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Pamela Fox | Australia | Computer Sciences

As my friends often joke—in a very serious way—, “I was raised by a computer.”
While my dad spent most of his time traveling to exotic cities to deliver not very exotic
computer science lectures, I mostly entertained myself playing on the computer, a toy that
seemed to offer endless new games and programs to discover. Even when my dad
actually was home, the most time I spent with him was when I accompanied him to his
university office to play on his extra computers. He soon realized that he had a budding
computer scientist for a daughter and began teaching me computer languages, or more
accurately, began urging me to teach myself computer languages. One of the first
programs I remember making in high school consisted of a cartoon drawing of my friend
Lynn and possible clothes that users could see her cartoon dressed up in. I loved the fact
that I could give anyone the URL and they’d be able to interact with something I made.
Another program I made was a quiz about my dad, teasing him for his obsession
with programming. That’s all my dad has ever done, and all he ever wanted me to do. But
that’s the difference between us; I’ve always wanted to do more, learn more, experience
more. In high school, I actively participated in such a broad range of extracurricular
activities (class presidency, newspaper, varsity gymnastics, science Olympiad, yearbook,
etc.) that my classmates voted me “Most Involved” senior year. I never really told my dad
about my involvements; I simply reassured him that, yes, I was programming consistently
and yes, I was planning on succeeding in life and paying for his retirement.
In college, I have continued the extracurricular involvements but now have also
had the opportunity to broaden my academic interests. On top of an obviously chosen
major in computer science, I first added a minor in 3-d Animation, a hobby of mine in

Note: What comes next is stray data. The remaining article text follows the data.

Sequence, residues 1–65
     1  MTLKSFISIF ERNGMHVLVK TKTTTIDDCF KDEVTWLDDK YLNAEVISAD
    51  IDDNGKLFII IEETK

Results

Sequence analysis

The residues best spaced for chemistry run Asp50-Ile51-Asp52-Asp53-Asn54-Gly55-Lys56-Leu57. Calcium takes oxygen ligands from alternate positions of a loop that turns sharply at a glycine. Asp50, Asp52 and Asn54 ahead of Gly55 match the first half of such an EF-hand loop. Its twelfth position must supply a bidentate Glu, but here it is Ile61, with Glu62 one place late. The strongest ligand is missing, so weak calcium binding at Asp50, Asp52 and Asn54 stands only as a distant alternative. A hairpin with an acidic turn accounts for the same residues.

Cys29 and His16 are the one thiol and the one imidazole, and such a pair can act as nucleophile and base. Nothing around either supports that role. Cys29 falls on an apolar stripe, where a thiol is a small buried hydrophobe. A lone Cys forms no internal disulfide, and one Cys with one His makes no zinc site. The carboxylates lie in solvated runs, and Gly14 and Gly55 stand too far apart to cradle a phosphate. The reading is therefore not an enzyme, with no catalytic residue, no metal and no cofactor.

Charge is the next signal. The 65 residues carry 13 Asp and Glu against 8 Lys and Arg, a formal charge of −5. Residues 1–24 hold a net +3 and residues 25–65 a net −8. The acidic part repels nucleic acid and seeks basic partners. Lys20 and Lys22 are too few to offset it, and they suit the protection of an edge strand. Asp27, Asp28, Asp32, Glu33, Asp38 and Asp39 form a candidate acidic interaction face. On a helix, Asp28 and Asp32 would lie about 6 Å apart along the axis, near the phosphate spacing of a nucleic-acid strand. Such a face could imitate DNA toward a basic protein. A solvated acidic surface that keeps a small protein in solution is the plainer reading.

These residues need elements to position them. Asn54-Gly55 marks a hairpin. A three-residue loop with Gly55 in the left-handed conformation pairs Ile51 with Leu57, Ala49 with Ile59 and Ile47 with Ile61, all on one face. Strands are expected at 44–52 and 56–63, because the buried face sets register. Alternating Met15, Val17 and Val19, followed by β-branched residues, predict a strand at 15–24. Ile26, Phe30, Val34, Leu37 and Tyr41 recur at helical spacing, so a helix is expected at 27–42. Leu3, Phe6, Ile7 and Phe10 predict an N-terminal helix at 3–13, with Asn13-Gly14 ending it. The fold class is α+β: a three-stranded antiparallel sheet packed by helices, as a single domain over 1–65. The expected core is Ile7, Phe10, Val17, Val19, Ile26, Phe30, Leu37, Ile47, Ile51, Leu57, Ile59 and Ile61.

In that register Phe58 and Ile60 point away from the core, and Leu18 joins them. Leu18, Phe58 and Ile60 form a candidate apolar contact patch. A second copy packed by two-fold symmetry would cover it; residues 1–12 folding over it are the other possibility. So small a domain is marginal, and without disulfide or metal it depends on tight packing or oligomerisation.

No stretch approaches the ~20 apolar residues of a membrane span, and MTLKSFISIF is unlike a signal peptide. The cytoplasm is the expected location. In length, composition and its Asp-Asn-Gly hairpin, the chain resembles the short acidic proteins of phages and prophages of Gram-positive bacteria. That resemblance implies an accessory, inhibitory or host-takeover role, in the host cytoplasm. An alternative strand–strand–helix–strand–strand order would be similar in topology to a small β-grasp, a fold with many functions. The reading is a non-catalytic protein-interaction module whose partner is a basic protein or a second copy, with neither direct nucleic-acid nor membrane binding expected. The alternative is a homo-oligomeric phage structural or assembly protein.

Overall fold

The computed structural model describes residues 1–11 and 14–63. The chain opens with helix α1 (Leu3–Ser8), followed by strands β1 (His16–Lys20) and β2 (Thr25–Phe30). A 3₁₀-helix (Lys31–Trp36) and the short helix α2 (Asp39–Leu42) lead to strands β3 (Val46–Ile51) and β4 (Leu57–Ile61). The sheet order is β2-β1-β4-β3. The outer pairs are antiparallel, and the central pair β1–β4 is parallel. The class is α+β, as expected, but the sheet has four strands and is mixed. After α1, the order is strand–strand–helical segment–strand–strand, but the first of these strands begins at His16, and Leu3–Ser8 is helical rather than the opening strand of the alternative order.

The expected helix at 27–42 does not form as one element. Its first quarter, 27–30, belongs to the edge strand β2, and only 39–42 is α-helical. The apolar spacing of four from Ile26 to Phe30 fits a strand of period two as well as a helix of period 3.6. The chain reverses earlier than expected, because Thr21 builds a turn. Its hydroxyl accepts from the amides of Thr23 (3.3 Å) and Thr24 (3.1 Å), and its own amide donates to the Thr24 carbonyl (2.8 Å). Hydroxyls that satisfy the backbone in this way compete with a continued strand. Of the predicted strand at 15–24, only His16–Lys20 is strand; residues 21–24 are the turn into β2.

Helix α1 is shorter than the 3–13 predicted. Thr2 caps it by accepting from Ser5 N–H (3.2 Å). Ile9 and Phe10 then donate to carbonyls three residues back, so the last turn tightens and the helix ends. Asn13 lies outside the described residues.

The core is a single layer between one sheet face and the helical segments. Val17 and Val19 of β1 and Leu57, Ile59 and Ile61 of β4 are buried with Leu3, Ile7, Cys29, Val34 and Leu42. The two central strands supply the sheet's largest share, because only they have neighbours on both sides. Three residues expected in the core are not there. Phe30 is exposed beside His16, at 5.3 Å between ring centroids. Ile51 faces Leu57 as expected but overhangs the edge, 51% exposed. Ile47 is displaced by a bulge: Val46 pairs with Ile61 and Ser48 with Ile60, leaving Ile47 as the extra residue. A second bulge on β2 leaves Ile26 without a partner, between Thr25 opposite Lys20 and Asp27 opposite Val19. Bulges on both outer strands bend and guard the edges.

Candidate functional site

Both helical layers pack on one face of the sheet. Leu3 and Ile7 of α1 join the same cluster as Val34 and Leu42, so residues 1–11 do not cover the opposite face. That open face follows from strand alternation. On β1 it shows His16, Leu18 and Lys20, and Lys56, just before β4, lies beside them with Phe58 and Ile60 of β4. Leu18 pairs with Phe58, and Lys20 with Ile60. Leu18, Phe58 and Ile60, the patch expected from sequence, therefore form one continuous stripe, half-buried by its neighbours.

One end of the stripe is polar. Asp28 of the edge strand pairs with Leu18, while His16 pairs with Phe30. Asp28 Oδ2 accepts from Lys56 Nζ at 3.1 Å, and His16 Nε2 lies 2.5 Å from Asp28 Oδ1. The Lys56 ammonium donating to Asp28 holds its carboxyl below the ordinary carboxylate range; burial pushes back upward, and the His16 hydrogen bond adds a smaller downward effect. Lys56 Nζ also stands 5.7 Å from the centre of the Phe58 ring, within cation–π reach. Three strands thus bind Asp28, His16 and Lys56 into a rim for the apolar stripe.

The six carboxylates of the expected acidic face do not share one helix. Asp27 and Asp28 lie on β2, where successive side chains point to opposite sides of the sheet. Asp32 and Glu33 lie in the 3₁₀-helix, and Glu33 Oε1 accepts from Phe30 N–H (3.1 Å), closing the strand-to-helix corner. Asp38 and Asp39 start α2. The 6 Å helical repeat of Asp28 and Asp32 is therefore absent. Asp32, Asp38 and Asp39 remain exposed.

high school that let me get out my artistic tendencies and could possibly become a career.
Then I became a Spanish minor after doing a study abroad in Spain and absolutely loving
the classes. In the following fall, I started dating a Brazilian traveler and enrolled in a
Portuguese class that semester. I soon realized I couldn’t limit myself to learning just one
language; I’d inevitably get distracted by the wonders of a new language and want to find
out what makes that language tick. Taking a general education class in linguistics the next
semester introduced me to the beautiful structures of parse trees and to evolutionary
linguistics (which renewed my high school puppy love for etymology), and cemented my
growing decision to replace the Spanish minor with a Linguistics minor.
Though I originally intended to entertain linguistics only as a side interest and
focus on 3-d animation as my career-oriented interest, I applied to be an undergraduate
researcher at the annual John Hopkins 2005 computational linguistics workshop on a
whim, and was given the position. The first two weeks of the workshop, deemed
“summer school,” introduced a group of us budding undergraduate researchers to the
current research in nearly every field where computer science intersected with linguistics.
I quickly learned exactly what I loved about computational linguistics – and what I hated
– and most importantly, realized there is still a lot that computer scientists can do with
linguistic information.
My dad finally did accept my decision to do more than just computer science.
After visiting me in the graphics lab that I’ve researched in since freshman year, he
reluctantly admitted that somehow, because of my divergent interests, I’d acquired a
unique skill base and secured a successful future for myself. Though my recent interest in
linguistics has added even more uncertainty to my future career plans, I don’t mind. All I
need to know is that I will thoroughly enjoy whatever I end up doing.